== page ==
How Teaching Kids Yoga Makes Me a Better Mother

When I began teaching yoga, I knew that I wanted to eventually teach to two demographics: Pregnant and newly postpartum people and kids. As a parent and mother, I wanted to create a community with other individuals in the same season of life and gain wisdom from the people whose perspectives were different than my own (the teacher is the student, yes?). And so after graduating from my 200 hour course, I signed up for a training to teach kids.

What I didn’t realize was teaching kid’s yoga is an entirely different ball game! This particular training was entirely enlightening, for lack of better words. I had worked and/or been surrounded by kids for a number of years at that point and had tons of education, having studied child development; however, the information here was different. It wasn’t just information-it was a new lens and framework. I had the fabled rose-colored glasses.

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From that point on, I incorporated everything I learned into my daily life. It was easier to take the yogic principles that I had previously learned about and apply them in a way that fit within my life and my family, as well as the classes where I get to interact with kids from all walks of life. Teaching yoga to kids, including my own, has given me so much joy and has helped me parent better.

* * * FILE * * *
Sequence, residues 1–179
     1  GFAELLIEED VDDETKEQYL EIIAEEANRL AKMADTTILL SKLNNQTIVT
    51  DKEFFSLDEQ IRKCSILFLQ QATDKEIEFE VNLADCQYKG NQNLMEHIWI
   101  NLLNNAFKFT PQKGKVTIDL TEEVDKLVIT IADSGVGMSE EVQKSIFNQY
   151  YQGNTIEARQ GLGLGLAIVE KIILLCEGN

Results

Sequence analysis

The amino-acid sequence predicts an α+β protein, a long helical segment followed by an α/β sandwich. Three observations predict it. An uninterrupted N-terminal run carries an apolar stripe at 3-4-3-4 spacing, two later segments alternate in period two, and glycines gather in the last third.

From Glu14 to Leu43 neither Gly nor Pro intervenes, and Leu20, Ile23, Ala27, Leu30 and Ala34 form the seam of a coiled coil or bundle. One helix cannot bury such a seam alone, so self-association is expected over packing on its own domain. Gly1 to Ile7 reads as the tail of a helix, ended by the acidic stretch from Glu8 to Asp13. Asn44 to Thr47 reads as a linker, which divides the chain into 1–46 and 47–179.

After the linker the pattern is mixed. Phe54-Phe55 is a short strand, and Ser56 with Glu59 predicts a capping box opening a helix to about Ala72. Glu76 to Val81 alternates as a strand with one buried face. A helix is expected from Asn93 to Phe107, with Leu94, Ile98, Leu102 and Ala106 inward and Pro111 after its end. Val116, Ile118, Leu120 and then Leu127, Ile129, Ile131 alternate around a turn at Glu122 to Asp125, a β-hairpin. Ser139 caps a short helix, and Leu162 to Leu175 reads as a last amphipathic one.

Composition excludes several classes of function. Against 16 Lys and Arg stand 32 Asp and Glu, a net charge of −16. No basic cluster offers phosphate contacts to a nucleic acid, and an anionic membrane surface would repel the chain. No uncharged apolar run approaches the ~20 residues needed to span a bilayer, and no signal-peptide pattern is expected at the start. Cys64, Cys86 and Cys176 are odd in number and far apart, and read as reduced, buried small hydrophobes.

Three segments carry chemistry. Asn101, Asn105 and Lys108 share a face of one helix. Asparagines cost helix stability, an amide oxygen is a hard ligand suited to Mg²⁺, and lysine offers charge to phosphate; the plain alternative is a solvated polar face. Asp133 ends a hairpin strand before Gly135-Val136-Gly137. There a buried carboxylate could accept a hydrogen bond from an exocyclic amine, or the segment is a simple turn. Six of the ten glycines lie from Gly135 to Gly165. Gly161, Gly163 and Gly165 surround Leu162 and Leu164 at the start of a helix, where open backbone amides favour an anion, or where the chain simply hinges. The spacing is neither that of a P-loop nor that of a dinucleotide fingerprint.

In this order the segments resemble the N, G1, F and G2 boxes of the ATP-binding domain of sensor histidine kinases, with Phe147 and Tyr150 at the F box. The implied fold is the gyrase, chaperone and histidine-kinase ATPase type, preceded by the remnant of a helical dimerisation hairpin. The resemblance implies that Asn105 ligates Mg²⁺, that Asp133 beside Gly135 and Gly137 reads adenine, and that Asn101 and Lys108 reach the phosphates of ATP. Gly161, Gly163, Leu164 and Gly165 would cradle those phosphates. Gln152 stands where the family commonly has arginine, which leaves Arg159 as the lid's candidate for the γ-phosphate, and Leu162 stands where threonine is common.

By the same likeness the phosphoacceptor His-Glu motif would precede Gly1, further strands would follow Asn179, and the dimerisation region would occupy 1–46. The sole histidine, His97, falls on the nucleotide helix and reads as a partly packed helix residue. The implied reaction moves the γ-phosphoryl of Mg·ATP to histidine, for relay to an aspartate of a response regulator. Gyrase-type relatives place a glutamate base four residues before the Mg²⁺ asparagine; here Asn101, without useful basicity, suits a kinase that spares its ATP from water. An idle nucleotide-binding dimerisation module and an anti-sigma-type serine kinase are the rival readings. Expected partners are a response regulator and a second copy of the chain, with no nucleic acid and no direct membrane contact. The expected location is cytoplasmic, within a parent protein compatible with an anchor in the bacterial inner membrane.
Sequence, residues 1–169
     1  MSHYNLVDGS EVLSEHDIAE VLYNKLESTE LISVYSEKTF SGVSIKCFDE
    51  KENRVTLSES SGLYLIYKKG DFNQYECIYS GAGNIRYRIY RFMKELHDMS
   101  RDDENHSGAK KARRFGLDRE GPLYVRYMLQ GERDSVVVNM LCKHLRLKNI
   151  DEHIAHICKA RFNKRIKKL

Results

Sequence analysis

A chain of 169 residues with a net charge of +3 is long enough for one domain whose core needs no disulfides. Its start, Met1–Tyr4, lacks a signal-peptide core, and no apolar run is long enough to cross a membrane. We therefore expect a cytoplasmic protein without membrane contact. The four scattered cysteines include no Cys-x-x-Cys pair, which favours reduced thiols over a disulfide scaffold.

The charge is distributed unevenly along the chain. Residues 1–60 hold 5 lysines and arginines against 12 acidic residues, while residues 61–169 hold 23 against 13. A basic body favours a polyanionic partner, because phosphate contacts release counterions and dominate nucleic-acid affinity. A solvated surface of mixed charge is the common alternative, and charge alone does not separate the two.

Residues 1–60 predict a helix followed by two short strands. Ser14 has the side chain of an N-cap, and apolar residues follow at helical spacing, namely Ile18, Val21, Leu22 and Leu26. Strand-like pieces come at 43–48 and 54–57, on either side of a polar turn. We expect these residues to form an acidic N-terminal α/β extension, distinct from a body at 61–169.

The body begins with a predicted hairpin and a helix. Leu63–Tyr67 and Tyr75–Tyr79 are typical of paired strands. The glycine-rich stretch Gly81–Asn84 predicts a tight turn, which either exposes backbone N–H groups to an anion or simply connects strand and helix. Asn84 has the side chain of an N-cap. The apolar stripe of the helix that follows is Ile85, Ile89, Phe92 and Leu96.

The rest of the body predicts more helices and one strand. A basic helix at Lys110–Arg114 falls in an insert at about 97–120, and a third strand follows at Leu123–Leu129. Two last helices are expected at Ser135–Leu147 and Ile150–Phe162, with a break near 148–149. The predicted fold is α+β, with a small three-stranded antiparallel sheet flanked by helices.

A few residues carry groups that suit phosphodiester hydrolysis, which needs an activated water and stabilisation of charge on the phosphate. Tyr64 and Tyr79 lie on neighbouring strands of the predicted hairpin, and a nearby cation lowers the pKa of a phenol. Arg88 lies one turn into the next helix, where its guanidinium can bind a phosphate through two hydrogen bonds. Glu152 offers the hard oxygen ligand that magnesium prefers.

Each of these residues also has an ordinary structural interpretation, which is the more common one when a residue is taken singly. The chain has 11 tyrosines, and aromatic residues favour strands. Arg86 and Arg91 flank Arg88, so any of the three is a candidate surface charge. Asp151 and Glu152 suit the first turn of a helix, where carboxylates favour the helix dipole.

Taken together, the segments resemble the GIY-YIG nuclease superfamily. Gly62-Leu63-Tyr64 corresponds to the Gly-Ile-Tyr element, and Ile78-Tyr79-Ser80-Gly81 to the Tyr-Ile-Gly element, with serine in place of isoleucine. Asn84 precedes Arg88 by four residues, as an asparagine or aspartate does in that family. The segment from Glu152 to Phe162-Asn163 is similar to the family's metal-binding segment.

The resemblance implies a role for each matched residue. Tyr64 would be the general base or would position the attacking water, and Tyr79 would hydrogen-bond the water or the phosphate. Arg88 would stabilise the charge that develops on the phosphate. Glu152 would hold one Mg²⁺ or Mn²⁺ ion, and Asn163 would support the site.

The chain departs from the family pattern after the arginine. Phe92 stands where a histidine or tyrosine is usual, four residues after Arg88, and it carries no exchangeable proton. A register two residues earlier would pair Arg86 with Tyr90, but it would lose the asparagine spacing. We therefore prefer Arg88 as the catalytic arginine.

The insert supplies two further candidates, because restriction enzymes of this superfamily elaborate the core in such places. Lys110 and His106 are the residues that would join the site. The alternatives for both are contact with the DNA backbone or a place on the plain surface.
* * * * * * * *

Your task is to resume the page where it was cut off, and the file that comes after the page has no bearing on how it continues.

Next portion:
• Listening. First and foremost, I have learned to be patient and listen with an open ears and an open heart. Yoga helps kids feel secure as it is a safe place to be and so they tend to share their feelings, thoughts, disappointments, and achievements. Teaching them how to take a step back and examine their thought patterns and behaviors has also given me the ability to do the same with my own kids. It helps me to avoid becoming overly critical and/or dismissive.
  • Letting go. Teaching yoga, but especially kid’s yoga, has developed my ability to let things go that don’t really have a measurable positive effect and to discern those situations where I need to deal with unpleasantness for the overall benefit. Say, bath time, for instance. This practice discourages me from becoming too anxious and thus, spreading that anxiety and worry onto my kids. It helps us become aware of when the stress we feel spurs necessary action or if it unnecessarily raises our cortisol. Kids are the masters, in general, of pulling an Elsa, and letting it all go.
  • Limberness. If anything, teaching kids has made me super flexible-not just in my physical body but in my mentality. Rather than adhere to strict and arbitrary rules, I consider our family’s needs and children’s needs on a case-by-case basis. I have to be flexible and willing to instantaneously adjust plans because my students might be extra talkative or begging for a favorite activity. This pliancy has helped me parent my kids because I am more willing to change my mind when they present a compelling argument for getting that ice cream!

What I have learned is valuable and helpful, but it absolutely doesn’t give me infinite knowledge nor make me a sage. I am not a guru of all things parenting. It does, however, grant me some calm as I navigate being a mom.

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